(14) |

where the “equilibrium” part is defined by integrating the local density of states over energy to the midpoint of the left and right chemical potentials, . When the left (right) chemical potential is higher, () corresponds to the inflow, and the other corresponds to the outflow. The “equilibrium” part is then written as

(15) |

where is the Fermi distribution function in a virtual system with the chemical potential . Considering zero temperature, we substitute the step function for the Fermi distribution function: . The present decomposition is general and useful irrespective of whether or not the wide-band limit is applied. In general cases, the energy dependence of should be kept below. [12] The definition in ref. \citenbrandbyge_prb02 corresponds to the setting of at either or .

For the “nonequilibrium” part of the density, remember that the lesser self-energy is given in the wide-band limit by [12]

(16) |

with . It can be decomposed again into the “equilibrium” part and the parts due to the couplings with the left and right electrodes:

(17) |

with

(18) |

and

(19) |

Because the contribution from the “equilibrium” part is regarded as included in , the “nonequilibrium” part of the density, , can be defined as

(20) |

where the “nonequilibrium” part of the lesser Green’s function, , is given by the Keldysh equation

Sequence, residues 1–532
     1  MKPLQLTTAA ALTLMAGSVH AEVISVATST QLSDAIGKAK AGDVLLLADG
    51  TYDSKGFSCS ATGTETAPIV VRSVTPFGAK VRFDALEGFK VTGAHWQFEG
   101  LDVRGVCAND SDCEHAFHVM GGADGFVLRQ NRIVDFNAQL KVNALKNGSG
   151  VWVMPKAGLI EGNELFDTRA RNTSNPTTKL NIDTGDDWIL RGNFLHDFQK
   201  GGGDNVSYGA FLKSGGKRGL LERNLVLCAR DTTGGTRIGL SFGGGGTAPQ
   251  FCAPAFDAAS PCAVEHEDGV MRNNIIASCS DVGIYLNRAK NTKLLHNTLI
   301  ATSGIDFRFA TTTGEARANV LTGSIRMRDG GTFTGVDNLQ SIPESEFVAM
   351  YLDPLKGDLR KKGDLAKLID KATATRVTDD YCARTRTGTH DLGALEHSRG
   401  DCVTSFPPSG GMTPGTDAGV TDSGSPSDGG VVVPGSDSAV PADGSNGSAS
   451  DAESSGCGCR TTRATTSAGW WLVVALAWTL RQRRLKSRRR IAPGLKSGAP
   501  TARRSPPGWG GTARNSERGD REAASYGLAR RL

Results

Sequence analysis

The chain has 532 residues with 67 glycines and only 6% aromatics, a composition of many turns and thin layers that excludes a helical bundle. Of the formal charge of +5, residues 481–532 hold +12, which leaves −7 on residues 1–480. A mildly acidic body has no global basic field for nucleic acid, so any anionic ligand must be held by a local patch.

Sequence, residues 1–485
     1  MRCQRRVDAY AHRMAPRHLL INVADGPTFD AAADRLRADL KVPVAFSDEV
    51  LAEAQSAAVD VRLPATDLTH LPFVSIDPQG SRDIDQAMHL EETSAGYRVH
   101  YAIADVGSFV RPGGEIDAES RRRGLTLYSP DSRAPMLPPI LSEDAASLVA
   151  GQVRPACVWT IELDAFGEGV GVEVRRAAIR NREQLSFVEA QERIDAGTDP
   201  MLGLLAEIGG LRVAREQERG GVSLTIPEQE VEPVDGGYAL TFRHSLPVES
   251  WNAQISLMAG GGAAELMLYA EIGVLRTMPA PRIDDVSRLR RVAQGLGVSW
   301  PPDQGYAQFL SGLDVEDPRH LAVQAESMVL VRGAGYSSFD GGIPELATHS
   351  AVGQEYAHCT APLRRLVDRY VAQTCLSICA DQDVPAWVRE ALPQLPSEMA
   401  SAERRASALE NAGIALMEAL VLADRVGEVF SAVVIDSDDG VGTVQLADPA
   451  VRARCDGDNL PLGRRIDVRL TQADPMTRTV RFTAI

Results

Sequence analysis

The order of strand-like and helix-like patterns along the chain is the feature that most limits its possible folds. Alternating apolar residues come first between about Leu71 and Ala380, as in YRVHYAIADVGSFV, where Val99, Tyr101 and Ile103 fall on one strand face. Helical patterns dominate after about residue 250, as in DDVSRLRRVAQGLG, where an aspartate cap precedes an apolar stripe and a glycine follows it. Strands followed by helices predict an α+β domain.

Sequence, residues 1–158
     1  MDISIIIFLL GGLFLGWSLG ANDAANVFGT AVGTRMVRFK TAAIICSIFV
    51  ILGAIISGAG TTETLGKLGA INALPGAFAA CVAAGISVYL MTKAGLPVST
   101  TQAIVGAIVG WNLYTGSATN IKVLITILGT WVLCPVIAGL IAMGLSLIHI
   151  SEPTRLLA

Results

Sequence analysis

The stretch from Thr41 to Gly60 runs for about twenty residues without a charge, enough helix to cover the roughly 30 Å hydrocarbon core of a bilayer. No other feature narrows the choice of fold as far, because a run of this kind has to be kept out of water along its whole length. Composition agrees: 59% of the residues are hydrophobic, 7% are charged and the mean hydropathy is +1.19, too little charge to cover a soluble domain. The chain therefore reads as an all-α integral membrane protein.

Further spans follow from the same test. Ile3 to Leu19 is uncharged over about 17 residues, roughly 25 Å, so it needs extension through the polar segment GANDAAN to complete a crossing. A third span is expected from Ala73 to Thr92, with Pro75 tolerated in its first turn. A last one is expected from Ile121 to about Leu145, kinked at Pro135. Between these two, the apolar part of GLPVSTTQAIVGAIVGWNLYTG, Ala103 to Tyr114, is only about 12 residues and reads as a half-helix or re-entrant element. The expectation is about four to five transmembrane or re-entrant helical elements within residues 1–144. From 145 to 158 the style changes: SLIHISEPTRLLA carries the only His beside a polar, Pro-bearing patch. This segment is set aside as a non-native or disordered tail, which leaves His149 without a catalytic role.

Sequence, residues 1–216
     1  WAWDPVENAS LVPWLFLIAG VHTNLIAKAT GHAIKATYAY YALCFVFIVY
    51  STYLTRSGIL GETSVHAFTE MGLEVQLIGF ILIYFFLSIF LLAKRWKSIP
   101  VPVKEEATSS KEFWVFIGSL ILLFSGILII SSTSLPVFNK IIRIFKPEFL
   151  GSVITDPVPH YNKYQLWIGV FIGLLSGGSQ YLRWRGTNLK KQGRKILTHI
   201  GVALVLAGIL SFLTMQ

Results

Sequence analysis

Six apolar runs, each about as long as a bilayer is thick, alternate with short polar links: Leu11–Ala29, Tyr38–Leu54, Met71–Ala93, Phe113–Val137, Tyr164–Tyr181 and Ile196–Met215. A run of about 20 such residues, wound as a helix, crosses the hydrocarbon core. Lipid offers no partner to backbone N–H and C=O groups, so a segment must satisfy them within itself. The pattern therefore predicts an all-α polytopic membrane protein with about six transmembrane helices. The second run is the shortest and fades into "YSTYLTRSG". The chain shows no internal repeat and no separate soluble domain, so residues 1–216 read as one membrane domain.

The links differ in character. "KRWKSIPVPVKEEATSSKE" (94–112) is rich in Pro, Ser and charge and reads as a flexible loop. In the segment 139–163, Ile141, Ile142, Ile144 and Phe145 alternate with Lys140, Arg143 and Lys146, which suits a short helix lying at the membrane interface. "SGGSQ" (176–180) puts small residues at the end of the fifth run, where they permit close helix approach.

(21) |

with in eq. (19) and being the Hermitian conjugate of .

Using eq. (13), we will derive each part of eq. (14). The local density of states is written as

(22) | |||||

When we substitute eq. (22) into eq. (15), the second term of eq. (22) gives a logarithmic term. This is an artifact of the energy-independent imaginary parts of the eigenvalues in eq. (9) (i.e., the wide-band limit), so that it is ignored below. The first term of eq. (22) gives

(23) |

The terms in the bracket above are reduced to the step function in the limit of 0 (i.e., 0).

After we substitute eq. (13) into eq. (20), we obtain the “nonequilibrium” part by the integral ranges from to :

(24) | |||||

This expression ensures that is a real quantity, in contrast to the formula in ref. \citenbrandbyge_prb02. In the atomic limit, eqs. (23) and (24) are simplified, as shown in Appendix B.

Finally, by using the formula in ref. \citenhaug_book08 with ==1, the current from the left electrode is given by

(25) | |||||

Therefore, the current is expressed by the “nonequilibrium” parts of the density. We need to substitute =, =, and =0 into all the equations above.

## 3 Results

Before showing the density distributions of electrons, we compare the current-voltage characteristics directly obtained by time evolution through a constant potential difference with those obtained by the nonequilibrium Green’s functions in the wide-band limit. As in our previous study, [8] we have numerically solved the time-dependent Schrödinger equation for the insulator sandwiched between two metallic electrodes with different work functions and a common bandwidth. Figure 1(a) shows the current-voltage characteristics thus obtained for the Mott insulator.

The parameters are introduced and the current density is defined in ref. \citenyonemitsu_prb07b and . The rectifying action is shown to be suppressed. Because the bandwidths of the metallic electrodes are finite, the current density tends to become saturated for a large .